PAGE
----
Mon Apr 19th, 2021 at 06:26:45 PM EST
Coming back to the infamous "sofagate" incident after two weeks, there are still a couple of points that look important and are worth pointing out.
First, cui bono? There are good arguments that the snub wasn't deliberate because (1) Erdogan had nothing to gain from humiliating VDL and the EU, and (2) Turkey wanted to cool down the relations that had gone quite tense with EU countries like Greece or Cyprus (or even France), and discuss more concrete things like customs union, which is very important for Turkey. The former Turkey ambassador to the EU blames the faux-pas on "on inexperience and a lack of institutional memory on both sides."
Then again, the opposite view is that Erdogan did humiliate the EU because he could and would never do that to, say, Merkel. In any case, there could have been a mixture of both, actually.
Frontpaged - Frank Schnittger
Second, the cynical view: we shouldn't forget the fact that Europe is actually very dependent on Turkey; I mean all European countries, not only the EU as an institution.
Why? EU countries have been paying Turkey a lot of money (6 billion) to essentially keep the "brown hordes" from moving to Europe in even greater numbers. Turkey has received millions of Syrian refugees on its soil, more than all European countries. Even if the Syrians in Turkey are enduring a lot of discrimination and abuse from unscrupulous employers, the uncomfortable fact remains that Erdogan's regime has essentially blocked further immigration to Europe.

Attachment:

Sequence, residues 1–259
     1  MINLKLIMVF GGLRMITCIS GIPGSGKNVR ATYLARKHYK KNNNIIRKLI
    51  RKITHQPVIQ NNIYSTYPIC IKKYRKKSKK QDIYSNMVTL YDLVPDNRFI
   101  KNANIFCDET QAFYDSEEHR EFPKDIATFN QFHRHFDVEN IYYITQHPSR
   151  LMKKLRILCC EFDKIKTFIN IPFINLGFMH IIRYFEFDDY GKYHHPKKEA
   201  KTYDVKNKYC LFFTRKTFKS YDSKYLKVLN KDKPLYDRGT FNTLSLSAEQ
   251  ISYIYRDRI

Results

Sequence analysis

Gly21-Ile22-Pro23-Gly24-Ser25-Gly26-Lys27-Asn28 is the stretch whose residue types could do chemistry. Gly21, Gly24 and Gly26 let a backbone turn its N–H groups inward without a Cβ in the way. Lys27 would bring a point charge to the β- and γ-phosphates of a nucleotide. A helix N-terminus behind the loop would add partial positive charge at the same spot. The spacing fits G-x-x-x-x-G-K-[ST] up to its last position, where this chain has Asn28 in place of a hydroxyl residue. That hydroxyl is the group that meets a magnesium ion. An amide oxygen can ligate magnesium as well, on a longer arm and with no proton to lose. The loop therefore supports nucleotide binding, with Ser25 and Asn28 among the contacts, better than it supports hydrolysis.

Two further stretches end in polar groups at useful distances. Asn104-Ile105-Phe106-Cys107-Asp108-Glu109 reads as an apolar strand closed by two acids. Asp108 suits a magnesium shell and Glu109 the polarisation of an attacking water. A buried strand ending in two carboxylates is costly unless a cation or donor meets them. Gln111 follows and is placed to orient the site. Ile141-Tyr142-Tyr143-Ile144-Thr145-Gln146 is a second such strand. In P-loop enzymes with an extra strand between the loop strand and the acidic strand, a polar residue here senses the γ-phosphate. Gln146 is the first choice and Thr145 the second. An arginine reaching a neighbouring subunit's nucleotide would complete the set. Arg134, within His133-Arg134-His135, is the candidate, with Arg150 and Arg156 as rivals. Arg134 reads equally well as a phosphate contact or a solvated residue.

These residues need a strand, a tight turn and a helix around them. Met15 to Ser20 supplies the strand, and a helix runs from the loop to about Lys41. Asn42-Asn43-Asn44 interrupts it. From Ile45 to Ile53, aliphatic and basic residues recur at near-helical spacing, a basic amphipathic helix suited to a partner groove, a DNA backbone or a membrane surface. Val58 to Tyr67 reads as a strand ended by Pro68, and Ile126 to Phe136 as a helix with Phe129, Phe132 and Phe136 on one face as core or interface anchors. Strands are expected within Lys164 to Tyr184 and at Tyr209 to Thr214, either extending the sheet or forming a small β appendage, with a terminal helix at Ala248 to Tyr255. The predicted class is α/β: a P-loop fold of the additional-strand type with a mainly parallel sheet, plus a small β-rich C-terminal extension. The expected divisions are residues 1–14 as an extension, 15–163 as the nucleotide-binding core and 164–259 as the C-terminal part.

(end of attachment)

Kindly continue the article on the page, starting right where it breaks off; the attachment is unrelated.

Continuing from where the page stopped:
OK, some EU countries, like Germany, have accepted a lot of migrants, and, in proportion to their population, the Scandinavian countries have received an even greater number, but many countries in central Europe have adamantly refused to tarnish their white Christian identity and refused to accept any refugee from the Middle East. All these thinly veiled white supremacists are also the first to express their reprobation, when Erdogan (a Muslim man!) looks like he's taking the EU down a peg or two.
In the wake of Sofagate, there has been also much tut-tutting over Turkey's announced withdrawal from the Istanbul Convention, that very few people knew about before, let alone had bothered to read: yet another opportunity to point the finger at a bad Muslim. Of course, very few comments pointed out that many EU countries didn't sign that convention, in the name of family values and Christian values.
The question is not really whether the EU wants to be taken seriously or not: it should start with whether the EU member countries want to take the EU seriously; given the cacophony and contradictions over a lot of international policy issues - not only immigration, there is quite some work on the table.